LAS VEGAS – If Canelo Alvarez didn’t make his intentions clear in the ring after vanquishing Miguel Cotto Saturday at the Mandalay Bay Events Center to claim the linear middleweight title, he left no doubt at the post-fight news conference.
Asked if he’d fight Gennady Golovkin, the burgeoning superstar who holds the WBA, IBF and interim WBC middleweight belts, Alvarez raised his arms in a double biceps flex pose.
“I’m not afraid of anyone,” Alvarez said after also claiming the WBC middleweight title with a 119-109, 118-110 and 117-111 unanimous decision victory over Cotto.
The crowd of 11,274 was overwhelmingly in favor of the 25-year-old Alvarez, who showed he’d learned from his one-sided defeat to Floyd Mayweather in 2013.
The bout wasn’t the classic that many fans were hoping to see. Cotto primarily stuck with his jab and circled the ring, looking for openings and attempting to avoid the younger man’s power.
Alvarez didn’t do a great job of cutting off the ring, and he threw far too few jabs, but he was the one all night landing the clean, hard blows.
Cotto actually out-threw Alvarez, 629-484, but that was largely due to an inordinate number of jabs. Cotto threw 374 jabs to Alvarez’s 186, so he stockpiled the punches.
But Alvarez was raking him with lead right hands, uppercuts and hooks throughout the fight. CompuBox statistics had Alvarez connecting on 118 of 298 power shots, while Cotto landed just 75 of 255.
Cotto earned a $15 million payday, but despite making that kind of life-changing money, he couldn’t be bothered to attend the post-fight news conference.
He felt he’d won, and his only comment was, “Wow.”
His trainer, Freddie Roach, said everyone in Cotto’s corner felt he had won and said he followed the plan to box Alvarez nearly perfectly.
“What bothered me was that the scoring was so [wide],” Roach said. “We didn’t lose the fight that much. There is no way.”
But he lost it and must now ponder whether he wants to fight again or take his $15 million, say goodbye to boxing and wait five years for his call from the Hall of Fame.
The win was arguably the most significant of Alvarez’s career and boosted him into a powerful position in the sport. He’s a big draw who can fill seats like few others. Promoter Oscar De La Hoya said Alvarez is going to fight on the first Saturday in May and then again on Mexican Independence Day weekend next year.
Whether or not the first of those two bouts is against Golovkin remains up in the air, as De La Hoya wouldn’t say.
“I’m not saying he’s fighting anyone else, but I’m not announcing anything,” De La Hoya said. “We’re going to let him rest and then we’ll talk about it. Is he going to fight Triple-G? Absolutely, of course. It’s not a question. Canelo is willing to fight anyone.”
Alvarez improved to 46-1-1 with his victory, but figures to open as a slight underdog against Golovkin. Golovkin is 34-0 with 31 knockouts and has 21 knockouts in succession.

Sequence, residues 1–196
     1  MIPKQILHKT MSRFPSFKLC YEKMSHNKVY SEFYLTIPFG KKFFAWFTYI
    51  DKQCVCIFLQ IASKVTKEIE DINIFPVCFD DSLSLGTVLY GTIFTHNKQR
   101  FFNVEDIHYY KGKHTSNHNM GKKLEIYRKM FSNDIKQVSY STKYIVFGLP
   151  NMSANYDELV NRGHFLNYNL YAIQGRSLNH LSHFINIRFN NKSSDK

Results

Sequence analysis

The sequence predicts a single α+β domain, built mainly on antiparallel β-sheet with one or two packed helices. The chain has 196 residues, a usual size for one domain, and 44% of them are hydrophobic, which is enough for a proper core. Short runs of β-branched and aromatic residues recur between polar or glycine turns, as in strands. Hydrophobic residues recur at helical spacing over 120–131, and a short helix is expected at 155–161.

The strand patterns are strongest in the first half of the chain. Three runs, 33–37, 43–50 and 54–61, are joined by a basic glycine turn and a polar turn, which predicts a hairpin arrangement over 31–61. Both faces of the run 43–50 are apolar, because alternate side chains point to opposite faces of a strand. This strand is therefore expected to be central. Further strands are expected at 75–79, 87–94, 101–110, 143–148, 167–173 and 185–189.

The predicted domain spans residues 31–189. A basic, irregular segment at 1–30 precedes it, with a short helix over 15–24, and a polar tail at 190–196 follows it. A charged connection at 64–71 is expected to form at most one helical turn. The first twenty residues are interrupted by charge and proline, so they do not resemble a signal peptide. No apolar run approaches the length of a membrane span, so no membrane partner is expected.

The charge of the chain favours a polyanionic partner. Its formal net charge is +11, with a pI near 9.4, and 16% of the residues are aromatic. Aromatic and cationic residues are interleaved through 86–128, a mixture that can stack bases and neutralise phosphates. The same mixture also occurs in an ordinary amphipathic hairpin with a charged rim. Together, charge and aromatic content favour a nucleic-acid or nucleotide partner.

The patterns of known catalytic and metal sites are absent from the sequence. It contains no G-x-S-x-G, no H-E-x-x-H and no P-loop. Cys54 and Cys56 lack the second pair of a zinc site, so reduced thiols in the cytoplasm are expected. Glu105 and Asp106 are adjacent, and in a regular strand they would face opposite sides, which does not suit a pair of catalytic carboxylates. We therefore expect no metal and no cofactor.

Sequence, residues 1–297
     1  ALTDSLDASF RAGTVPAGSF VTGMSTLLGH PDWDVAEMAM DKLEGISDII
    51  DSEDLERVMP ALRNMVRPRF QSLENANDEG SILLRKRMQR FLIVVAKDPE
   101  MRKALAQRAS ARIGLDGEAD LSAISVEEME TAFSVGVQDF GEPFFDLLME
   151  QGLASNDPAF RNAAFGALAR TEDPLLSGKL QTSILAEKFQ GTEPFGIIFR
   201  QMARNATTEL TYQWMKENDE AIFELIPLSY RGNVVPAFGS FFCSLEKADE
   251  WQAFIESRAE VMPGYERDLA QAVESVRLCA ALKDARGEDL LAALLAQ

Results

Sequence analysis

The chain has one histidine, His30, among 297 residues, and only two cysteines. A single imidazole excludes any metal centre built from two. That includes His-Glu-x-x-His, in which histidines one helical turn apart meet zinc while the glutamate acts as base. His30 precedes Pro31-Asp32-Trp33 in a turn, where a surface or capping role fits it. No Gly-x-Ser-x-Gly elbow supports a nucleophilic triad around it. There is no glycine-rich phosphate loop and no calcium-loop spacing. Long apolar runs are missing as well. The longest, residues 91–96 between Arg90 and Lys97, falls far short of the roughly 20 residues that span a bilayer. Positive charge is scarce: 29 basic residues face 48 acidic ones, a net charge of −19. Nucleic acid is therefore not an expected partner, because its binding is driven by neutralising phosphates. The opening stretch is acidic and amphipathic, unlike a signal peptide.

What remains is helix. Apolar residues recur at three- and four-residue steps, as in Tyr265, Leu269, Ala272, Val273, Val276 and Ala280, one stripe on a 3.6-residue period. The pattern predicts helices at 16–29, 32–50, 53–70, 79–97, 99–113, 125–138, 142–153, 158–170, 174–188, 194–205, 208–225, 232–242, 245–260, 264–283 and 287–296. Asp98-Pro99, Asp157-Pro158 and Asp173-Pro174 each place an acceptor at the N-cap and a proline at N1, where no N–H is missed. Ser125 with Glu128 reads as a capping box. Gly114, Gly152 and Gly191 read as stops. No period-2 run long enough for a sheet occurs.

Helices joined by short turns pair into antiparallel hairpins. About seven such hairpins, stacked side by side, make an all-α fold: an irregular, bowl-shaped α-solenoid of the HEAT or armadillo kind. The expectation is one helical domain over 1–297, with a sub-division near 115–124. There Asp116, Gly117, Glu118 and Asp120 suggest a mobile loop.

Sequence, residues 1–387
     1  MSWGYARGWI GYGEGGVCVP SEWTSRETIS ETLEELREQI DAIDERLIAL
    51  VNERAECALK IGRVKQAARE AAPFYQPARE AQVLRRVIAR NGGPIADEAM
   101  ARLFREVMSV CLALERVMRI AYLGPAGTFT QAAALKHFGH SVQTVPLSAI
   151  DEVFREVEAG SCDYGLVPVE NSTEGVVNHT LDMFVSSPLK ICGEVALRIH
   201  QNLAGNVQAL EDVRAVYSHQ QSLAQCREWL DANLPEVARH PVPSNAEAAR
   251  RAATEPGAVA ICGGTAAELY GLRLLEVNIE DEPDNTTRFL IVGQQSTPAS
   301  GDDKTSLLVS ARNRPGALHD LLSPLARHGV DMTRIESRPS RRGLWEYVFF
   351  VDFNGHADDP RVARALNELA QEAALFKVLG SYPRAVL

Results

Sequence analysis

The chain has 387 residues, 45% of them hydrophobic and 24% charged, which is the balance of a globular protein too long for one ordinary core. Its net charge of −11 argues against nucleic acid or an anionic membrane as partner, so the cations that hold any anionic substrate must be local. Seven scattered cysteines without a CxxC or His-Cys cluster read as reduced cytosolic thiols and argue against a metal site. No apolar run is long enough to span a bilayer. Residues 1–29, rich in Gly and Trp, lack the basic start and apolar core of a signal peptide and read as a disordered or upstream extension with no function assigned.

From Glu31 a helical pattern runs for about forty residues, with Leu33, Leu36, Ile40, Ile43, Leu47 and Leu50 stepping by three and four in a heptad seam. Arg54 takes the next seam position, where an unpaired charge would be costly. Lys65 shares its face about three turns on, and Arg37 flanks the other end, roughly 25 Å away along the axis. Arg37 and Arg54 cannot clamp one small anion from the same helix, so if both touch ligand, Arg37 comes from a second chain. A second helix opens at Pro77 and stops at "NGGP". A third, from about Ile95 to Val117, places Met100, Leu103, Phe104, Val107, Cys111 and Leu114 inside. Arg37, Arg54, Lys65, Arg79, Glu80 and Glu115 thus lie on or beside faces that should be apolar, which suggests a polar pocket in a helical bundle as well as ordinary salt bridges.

It’s a bout boxing fans have demanded for several years, and it moved a step closer to becoming reality on Saturday after Alvarez got past Cotto.
“It would be a difficult fight for both of them, because they know each other,” Golden Boy partner and former world champion Bernard Hopkins said. “They’ve sparred each other many times and they have a feel for each other. That doesn’t give a 100-percent advantage, but when people look at Triple-G and Canelo, a fight fan will want that fight.
“We know that a fight fan isn’t a businessman. A fight fan isn’t a business person in boxing. … You have to look at all these ingredients and ask, ‘Do we get him now?’ or ‘Do we get him a fight or two from now?’”
The WBC ordered the winner of Saturday’s fight to face Golovkin, but several days before the fight, Cotto said he would not pay the sanction fee. That meant that should Cotto have won, Golovkin would have automatically become the WBC champion, but he wouldn’t have had the fight he desired as Cotto would not fight him.
Earlier in the day in an interview with Yahoo Sports in his suite, Golovkin predicted an Alvarez win and was hopeful a fight could be made.
“I think so, I do,” Golovkin said. “I think that’s how he is. He wants to fight.”
After one of his recent wins, in attempting to describe Alvarez as a good guy, Golovkin in broken English referred to Alvarez as a good boy. The fans loved it and he’s kept it up.
Now, the two may meet for middleweight supremacy in a bout that figures to be one of the best of 2016.
Alvarez didn’t have to extend himself too much to defeat Cotto, who at 35 gave up 10 years to the red-headed Mexican. Judge Dave Moretti gave Alvarez 11 of the 12 rounds, only seeing Cotto taking the fourth.
Burt Clements gave Cotto only the second and the ninth, while John McKaie gave the Puerto Rican great the first, fourth and sixth rounds.
Alvarez was the stronger fighter with the fresher legs and walked Cotto down. It was a credit to Cotto’s talent and toughness that he was never down or seriously in trouble, but Alvarez landed plenty of hard shots, particularly to the body.
The eighth round was probably the best of the fight, as Cotto came out aggressively and tried to trade with him. But Alvarez won most of the flurries in that round, which was reminiscent of the fight as a whole.
Golovkin, watching from ringside, grinned broadly as it ended. He knew that his dreams will soon come true.
“I’m ready for this, me and Canelo,” he said. “Let’s do it.”
Soon enough, they will.
The business of boxing is notoriously odd and the unexpected should always be expected. But at least the wheels are finally in motion to put together the fight so many want to see.
“You want it, I want it, everyone wants it,” Hopkins said. “But we’ve been making the fights the people want to see. So let’s take a breath and see what happens.”